The script is being studied by Asko Parpola for over 40 years in Finland at the University of Helsinki. He is considered as one of the world’s experts in the field of deciphering.
3. One of the largest civilization on account of population
The total number of cities discovered in the Indus Valley Civilization was about 1056 out of which 96 of them have been excavated.
The total population of these cities reached over 5 million when the civilization was in its highest stage. Despite the massive community, the streets and markets of this civilization had no problem with chaos. It is so due to the perfect town planning.
Amongst the 5 million, the higher portion lived in the villages whereas the lesser lived in cities. The main occupation of the people was agriculture, trading, and craftwork.
The population is believed to have crossed the count of 5 million during the fluorescence of civilization. Otherwise, the number reached up to 5 million most of the time.
2. Indus Valley had one of the most precise ancient rulers
The Indus Valley Civilization is famous for its inventions and discoveries such as stepwell, button, measuring weights, and rulers.
The oldest and the most precise ancient ruler was developed in the Indus Valley Civilization. It was first known as the measuring rod and was made out of a copper-alloy bar.
The initial measurement of this ruler was done in a perfectly divisible format, where the whole of the ruler was divided into uniform units corresponding to 3.55mm and marked in an accurate decimal subdivision within 0.005 inches.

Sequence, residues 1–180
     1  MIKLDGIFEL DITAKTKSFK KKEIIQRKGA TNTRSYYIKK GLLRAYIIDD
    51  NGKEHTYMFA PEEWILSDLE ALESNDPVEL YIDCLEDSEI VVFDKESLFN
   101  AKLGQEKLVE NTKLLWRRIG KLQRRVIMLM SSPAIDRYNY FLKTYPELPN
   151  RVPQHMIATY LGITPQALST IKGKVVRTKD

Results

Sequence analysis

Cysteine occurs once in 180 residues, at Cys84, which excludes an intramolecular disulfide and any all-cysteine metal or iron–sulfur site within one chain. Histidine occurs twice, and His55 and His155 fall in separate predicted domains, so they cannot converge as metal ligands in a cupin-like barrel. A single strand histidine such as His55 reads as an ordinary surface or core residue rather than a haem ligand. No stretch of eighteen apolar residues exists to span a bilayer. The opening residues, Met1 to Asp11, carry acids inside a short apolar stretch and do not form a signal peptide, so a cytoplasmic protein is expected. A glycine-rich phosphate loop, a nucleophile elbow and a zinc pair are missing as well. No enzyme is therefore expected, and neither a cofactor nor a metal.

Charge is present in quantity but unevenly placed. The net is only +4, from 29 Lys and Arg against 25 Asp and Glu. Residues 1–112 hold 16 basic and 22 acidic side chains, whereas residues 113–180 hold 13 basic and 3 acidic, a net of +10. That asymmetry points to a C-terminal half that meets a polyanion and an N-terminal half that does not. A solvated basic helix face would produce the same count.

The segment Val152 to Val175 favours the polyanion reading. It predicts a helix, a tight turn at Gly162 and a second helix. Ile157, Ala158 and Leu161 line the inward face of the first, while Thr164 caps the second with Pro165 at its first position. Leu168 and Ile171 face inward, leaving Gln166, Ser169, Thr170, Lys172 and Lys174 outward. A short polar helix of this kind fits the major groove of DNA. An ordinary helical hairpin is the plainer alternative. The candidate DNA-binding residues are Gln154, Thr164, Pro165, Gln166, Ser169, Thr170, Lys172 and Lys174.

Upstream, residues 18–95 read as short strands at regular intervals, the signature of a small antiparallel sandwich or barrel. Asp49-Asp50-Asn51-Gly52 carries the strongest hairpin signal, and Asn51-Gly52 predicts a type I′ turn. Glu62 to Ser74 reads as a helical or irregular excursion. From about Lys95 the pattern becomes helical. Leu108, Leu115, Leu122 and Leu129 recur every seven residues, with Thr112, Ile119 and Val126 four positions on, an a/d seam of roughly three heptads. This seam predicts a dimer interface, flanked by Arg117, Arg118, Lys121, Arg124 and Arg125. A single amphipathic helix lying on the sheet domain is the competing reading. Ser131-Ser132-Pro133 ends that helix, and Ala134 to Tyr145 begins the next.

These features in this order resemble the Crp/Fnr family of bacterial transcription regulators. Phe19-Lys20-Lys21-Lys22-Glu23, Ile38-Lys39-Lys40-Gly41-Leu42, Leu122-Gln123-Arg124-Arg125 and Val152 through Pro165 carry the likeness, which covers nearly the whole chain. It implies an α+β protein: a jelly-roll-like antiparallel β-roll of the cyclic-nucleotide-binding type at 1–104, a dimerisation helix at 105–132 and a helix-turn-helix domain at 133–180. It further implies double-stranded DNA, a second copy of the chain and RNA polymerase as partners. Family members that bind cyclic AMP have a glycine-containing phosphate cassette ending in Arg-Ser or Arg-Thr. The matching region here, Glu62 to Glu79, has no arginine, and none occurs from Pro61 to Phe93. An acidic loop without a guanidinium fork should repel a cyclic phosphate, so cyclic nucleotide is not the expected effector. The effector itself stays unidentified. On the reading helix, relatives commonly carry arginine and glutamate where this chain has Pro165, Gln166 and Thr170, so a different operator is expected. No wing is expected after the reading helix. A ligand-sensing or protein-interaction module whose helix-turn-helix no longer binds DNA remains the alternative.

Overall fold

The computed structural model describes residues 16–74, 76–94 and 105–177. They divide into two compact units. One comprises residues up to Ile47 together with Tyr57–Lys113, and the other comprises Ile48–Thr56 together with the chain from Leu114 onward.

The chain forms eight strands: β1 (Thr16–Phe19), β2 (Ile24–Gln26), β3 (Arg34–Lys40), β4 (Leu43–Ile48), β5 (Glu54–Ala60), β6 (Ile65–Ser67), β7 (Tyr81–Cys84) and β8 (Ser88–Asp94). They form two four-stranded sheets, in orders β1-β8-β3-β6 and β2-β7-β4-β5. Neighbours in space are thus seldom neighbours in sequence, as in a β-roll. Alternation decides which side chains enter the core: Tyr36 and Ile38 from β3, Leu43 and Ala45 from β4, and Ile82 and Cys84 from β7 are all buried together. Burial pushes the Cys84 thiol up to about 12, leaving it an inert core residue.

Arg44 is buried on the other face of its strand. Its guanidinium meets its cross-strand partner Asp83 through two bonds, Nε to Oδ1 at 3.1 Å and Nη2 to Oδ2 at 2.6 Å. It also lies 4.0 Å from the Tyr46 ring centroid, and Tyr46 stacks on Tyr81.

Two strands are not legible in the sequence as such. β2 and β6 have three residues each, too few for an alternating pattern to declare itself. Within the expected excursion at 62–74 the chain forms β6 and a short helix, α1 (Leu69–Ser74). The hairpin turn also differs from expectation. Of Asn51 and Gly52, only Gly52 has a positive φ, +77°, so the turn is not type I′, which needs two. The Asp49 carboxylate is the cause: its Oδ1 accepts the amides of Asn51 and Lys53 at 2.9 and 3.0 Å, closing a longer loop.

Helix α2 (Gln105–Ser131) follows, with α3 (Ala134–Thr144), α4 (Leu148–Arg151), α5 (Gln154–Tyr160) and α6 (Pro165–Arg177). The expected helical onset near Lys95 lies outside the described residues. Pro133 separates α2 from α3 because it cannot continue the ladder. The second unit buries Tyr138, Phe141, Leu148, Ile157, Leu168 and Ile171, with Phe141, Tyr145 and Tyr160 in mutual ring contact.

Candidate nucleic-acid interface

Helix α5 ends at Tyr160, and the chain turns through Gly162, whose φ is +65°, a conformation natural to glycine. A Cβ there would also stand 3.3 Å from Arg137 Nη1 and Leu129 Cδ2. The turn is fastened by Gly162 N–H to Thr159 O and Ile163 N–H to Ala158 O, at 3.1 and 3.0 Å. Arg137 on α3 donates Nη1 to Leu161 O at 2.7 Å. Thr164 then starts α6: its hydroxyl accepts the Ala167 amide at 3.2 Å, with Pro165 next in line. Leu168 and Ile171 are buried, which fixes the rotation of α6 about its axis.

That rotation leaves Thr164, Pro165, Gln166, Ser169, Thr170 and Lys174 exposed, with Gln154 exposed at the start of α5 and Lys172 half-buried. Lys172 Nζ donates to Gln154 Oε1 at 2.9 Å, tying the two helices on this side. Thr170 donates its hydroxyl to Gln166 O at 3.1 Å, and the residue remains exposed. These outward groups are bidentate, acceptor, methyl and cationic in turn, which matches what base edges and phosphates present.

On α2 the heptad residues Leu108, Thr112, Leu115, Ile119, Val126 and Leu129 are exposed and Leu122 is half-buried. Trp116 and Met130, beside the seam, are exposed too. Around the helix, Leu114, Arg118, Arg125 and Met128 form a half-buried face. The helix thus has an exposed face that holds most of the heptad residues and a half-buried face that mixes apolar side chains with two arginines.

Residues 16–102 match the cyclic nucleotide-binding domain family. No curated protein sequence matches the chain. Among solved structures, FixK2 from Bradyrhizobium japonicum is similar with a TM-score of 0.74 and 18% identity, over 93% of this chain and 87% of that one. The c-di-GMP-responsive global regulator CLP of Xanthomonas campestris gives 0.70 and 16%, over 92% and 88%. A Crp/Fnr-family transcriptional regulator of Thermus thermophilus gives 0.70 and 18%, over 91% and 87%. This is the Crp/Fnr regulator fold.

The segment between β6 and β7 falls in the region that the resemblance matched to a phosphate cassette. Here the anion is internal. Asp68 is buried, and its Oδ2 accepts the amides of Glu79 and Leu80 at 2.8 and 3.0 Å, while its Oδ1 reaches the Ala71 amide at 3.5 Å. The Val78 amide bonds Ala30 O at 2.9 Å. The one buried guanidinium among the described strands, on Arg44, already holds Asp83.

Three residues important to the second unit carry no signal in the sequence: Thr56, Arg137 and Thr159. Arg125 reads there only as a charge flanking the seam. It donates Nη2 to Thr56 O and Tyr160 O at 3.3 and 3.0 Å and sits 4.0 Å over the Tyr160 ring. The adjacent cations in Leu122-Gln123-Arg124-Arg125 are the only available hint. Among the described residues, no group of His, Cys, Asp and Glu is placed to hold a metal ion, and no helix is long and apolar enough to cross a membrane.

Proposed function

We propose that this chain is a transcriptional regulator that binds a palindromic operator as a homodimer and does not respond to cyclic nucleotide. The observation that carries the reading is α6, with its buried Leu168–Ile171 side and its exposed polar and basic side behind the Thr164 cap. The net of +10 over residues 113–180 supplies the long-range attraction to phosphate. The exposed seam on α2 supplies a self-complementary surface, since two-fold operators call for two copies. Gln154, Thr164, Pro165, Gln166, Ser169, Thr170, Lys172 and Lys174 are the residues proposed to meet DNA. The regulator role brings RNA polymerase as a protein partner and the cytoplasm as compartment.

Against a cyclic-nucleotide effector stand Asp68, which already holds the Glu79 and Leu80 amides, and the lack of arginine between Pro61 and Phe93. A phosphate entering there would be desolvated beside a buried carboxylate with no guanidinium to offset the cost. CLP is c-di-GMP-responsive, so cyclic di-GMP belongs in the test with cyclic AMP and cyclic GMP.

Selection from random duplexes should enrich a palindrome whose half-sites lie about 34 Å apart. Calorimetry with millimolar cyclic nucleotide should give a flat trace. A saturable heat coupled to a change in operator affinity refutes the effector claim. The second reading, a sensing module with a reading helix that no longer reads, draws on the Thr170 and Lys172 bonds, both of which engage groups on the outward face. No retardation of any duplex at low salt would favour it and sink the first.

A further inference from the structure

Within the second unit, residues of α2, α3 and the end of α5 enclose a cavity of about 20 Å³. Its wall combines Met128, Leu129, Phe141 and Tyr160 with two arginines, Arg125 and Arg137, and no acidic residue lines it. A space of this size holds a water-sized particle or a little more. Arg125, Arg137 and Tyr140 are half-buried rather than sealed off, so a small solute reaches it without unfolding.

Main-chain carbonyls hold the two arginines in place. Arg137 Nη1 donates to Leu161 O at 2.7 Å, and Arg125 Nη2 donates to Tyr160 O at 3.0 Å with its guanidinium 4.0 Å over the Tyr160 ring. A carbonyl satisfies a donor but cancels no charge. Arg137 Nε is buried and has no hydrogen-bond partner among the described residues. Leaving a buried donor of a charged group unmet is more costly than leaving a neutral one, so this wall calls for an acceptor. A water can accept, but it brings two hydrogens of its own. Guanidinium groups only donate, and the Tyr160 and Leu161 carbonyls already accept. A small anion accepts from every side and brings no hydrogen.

Besides the uniform measurement, the fact of calibration of the smallest division on a scale (1.704mm) during the Bronze Age makes it the most precise rulers of ancient times.
Apart from this, the ruler followed a binary decimal system which went as 1,2,4,8,16,32, up until 12,800 units. The weight of every group was around 0.85 grams.
1. Declination of Indus Valley Civilization
Shortly after the declination of the significant cities, Harappan and Mohenjo-Daro the Indus Valley Civilization also declined. It was during 1500 BCE.
There still is confusion and mixture of the reason behind the declination of the oldest civilization. Some researchers believe the reason to be natural disasters like flood and earthquake, whereas some consider it to be the massive migration of the Aryans.
However, the most reliable reason behind it is believed to be the change in climate that brought the Saraswati River to dry during the early 1900 BCE.
After the collapse of civilization, numerous ruins were discovered during its excavation. Out of which, many ruins created history and helped to create a memoir about the existence of the oldest civilization.
Since the time of its discovery, Indus Valley went through numerous exciting incidents and moments that are hard to miss.
Most of these incidents are of everybody’s interest and a very worthy subject for research.
The facts mentioned above are the most significant ones which lead the civilization to reach the next level on account of the circumstances.
With every single discovery made from this civilization, a new fact comes out which never fails to interest people.
Likewise, the mystery behind its script and actual existence is also considered as the significant point which grabs everybody’s attention.